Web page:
Since the publication of The Same As You policy in 2000, significant progress has been made in ensuring that individuals with Down’s syndrome are more accepted and included in Scottish society.
Nevertheless, major challenges remain and this is why we welcomed the Scottish Government’s follow-up strategy, The Keys to Life, launched in June 2013.
The strategy acknowledges the demands for more services and support in a wide range of circumstances. It particularly recognises the importance of human rights and therefore the need to better protect and enhance the rights of children and adults with Down’s syndrome.
A strong emphasis is also put on health, as good health is one of the keys to a good quality of life. Issues like obesity or dementia are affecting the lives of many people in Scotland – among them individuals with Down’s syndrome. We consequently welcome the recommendation for a targeted health screening programme for all people with learning disabilities. This constitutes one of many needed steps in ensuring their wellbeing. We also support the requirement for general hospitals to ensure that patients with learning disabilities receive the appropriate levels of support. In addition, we were pleased to note the proposal that professionals should assist with the implementation of the National Oral Health Improvement Strategy.
It is also important to consider the social aspects of life. Our experience in supporting families across Scotland indicates that problems persist and recommendations on independent living or breaking stereotypes are worth promoting. The annual eSAY data published by the Scottish Consortium for Learning Disability last month highlighted that a significant number of people with learning disabilities now live independently in their own home. This is of course encouraging but we are also aware that some of our members are still struggling to secure accommodation that suits their needs.
The eSAY publication also points out that there is a slight decrease in the number of individuals who use Local Area Co-ordination services and we therefore support the review of the role of Local Areas Co-ordinators recommended by the new strategy. Furthermore, the statistics show that there is a decline in the number of adults with learning disabilities enrolled in a further education course and in the proportion of adults in employment or training for employment.
Support to people with Down’s syndrome varies greatly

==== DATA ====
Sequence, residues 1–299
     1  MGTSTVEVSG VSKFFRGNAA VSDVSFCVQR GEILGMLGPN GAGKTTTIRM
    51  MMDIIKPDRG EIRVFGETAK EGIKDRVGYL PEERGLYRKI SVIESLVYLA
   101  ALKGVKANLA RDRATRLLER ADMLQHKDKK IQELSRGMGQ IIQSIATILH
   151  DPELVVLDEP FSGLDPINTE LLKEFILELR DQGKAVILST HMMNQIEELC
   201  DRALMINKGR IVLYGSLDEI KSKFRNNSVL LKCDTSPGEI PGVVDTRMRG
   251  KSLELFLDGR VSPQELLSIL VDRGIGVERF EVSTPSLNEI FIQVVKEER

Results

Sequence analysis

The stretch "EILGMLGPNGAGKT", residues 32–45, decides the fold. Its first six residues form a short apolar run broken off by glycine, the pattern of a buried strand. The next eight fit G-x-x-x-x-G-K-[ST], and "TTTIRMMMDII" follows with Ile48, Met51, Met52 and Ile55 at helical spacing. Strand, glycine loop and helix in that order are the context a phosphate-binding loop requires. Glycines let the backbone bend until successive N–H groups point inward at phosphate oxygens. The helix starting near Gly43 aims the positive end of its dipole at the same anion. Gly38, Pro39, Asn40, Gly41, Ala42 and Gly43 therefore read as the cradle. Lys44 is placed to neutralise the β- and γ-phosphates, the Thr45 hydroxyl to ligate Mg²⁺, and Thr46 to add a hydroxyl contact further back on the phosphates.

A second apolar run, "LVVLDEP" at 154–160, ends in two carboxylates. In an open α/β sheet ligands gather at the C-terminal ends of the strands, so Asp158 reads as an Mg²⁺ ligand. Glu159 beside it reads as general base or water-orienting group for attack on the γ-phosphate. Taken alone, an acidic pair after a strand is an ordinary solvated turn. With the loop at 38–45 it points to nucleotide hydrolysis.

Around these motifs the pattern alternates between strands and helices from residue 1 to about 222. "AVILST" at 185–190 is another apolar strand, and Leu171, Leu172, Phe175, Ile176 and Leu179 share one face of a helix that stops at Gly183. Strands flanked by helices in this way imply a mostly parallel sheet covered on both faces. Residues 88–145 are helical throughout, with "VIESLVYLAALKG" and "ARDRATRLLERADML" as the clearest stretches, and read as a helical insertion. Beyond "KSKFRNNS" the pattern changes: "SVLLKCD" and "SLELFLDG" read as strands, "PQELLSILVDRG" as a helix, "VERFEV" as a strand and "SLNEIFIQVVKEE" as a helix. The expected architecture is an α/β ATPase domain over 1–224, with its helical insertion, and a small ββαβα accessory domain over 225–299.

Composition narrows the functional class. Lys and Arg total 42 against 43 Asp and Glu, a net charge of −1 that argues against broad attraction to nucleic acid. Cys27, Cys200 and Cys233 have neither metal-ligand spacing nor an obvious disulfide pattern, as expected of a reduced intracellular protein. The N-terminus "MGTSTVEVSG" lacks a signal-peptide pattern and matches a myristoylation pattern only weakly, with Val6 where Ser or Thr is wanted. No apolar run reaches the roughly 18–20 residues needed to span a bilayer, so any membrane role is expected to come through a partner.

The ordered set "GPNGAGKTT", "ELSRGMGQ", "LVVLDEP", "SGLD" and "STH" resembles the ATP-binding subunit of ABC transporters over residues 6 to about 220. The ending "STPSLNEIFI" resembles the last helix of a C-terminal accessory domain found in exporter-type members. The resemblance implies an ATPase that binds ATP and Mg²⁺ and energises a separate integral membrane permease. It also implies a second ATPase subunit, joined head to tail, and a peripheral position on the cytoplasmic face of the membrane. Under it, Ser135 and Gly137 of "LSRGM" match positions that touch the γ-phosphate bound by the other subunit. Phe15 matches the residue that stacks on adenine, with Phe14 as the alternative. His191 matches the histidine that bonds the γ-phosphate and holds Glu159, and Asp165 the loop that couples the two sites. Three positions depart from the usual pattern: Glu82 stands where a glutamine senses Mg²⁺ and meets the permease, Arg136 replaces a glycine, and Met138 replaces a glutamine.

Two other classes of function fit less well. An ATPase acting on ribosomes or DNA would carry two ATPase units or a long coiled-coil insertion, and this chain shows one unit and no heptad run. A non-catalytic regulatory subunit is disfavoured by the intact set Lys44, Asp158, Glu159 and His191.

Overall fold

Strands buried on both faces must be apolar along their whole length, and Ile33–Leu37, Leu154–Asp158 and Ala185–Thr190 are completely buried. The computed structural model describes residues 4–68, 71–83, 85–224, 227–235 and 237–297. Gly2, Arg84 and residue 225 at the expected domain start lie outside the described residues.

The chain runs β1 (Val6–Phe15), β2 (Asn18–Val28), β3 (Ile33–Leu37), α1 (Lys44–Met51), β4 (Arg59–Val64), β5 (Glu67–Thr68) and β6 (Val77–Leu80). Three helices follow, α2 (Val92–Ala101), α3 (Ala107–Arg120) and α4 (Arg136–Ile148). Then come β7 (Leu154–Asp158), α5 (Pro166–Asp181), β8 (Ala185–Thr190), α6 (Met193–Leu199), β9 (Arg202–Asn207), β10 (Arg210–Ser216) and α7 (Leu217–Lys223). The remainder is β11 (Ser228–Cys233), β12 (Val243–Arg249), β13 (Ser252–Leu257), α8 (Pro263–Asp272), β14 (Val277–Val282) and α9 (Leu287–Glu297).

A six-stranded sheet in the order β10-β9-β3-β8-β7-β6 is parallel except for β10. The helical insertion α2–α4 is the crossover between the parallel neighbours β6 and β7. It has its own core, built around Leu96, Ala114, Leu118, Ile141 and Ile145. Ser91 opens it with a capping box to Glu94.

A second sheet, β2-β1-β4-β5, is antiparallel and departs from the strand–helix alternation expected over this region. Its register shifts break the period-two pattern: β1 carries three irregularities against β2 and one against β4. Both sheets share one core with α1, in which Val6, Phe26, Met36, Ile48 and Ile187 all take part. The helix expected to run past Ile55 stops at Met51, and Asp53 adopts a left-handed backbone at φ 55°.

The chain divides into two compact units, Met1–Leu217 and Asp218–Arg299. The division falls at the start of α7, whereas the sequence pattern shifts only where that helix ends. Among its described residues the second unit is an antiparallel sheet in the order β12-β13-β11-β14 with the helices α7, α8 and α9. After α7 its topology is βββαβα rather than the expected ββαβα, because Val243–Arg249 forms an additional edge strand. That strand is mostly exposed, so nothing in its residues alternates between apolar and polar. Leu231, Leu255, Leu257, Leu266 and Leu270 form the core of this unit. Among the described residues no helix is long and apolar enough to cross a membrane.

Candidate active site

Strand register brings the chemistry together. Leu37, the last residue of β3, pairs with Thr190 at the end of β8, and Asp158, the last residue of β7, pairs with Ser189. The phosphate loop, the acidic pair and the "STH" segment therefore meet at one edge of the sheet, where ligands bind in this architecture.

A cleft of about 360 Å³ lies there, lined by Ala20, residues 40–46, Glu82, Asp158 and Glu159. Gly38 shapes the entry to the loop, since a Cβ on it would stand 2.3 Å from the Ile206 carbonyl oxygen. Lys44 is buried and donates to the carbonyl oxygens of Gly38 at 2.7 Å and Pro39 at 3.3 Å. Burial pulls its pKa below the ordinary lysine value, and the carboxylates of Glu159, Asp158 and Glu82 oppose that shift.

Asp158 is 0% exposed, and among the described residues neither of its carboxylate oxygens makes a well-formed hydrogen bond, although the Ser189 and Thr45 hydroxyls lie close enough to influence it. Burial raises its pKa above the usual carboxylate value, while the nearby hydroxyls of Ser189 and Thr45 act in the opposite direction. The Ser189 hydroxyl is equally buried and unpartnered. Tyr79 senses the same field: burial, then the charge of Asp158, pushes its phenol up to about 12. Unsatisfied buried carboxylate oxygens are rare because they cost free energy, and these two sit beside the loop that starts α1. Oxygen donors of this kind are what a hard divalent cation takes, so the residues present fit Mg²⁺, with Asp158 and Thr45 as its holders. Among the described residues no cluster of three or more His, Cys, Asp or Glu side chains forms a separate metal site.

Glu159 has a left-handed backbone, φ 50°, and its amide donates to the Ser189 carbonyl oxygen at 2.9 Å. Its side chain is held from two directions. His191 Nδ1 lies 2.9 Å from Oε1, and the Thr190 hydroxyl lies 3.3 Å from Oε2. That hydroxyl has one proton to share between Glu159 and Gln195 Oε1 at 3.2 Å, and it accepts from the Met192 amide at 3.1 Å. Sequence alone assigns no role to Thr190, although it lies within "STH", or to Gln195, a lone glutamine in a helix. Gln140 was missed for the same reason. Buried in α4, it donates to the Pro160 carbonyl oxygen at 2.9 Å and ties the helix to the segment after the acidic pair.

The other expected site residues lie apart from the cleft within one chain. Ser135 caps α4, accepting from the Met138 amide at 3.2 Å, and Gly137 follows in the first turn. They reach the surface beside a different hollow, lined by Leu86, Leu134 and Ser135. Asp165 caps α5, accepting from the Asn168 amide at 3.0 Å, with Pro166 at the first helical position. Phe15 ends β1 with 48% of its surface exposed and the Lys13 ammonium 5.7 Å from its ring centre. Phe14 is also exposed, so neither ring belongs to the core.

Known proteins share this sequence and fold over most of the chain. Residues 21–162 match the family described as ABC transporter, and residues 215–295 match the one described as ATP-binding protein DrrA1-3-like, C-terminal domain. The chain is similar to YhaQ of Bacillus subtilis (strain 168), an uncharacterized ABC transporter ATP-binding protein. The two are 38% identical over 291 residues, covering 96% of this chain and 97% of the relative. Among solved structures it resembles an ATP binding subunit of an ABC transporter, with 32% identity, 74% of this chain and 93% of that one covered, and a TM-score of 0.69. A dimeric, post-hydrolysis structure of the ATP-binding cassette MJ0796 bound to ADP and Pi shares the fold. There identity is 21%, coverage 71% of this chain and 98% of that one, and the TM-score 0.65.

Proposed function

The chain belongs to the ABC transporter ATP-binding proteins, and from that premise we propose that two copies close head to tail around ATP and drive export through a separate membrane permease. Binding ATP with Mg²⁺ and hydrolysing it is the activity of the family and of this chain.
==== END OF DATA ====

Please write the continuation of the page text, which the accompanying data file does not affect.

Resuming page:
These figures are alarming in challenging economic times as we know that finding employment remains difficult and that places in colleges are being cut. Consequently, focusing on smoother transition pathways and developing employment opportunities as suggested by the new strategy should be broadly supported.
However, the political devil is likely to lie in the “implementation” details. Many of the recommendations rely on the establishment of enhanced partnerships, essentially between the Scottish Government, local authorities and NHS boards. Support available to people with Down’s syndrome and their carers already varies greatly across the 32 local authorities with excellent practice in some and very poor services in others. Since current services are not always adequately delivered, it is difficult to see how new proposals may be successfully implemented in all local authorities. In fact, the situation can only deteriorate if individuals continue to be faced with a “postcode lottery” in terms of access to services.
On that note, we welcome the Convention of Scottish Local Authorities’ commitment to deliver The Keys to Life and look forward to seeing more localities providing essential services to people with Down’s syndrome wherever they live. Moreover the third sector has a significant role to play in ensuring that children and adults with learning disabilities, and their carers, are better supported. Down’s Syndrome Scotland is committed to work with the Scottish Government and its partners to deliver and monitor the proposed, necessary changes. Down’s Syndrome Scotland supports The Keys To Life and its intentions, and we urge all involved to work towards implementing the strategy. It is also crucial that addressing health inequalities and enhancing the protection of human rights remain high on the political agenda. Issues surrounding the independence referendum will undoubtedly gain momentum and it is important that people with Down’s syndrome and their families get the opportunity to contribute to the debate on the kind of Scotland they want to live in. Improving quality of life for people with learning disabilities raises concerns that should be tackled now.
• Rachel Le Noan is policy officer of Down’s Syndrome Scotland www.dsscotland.org.uk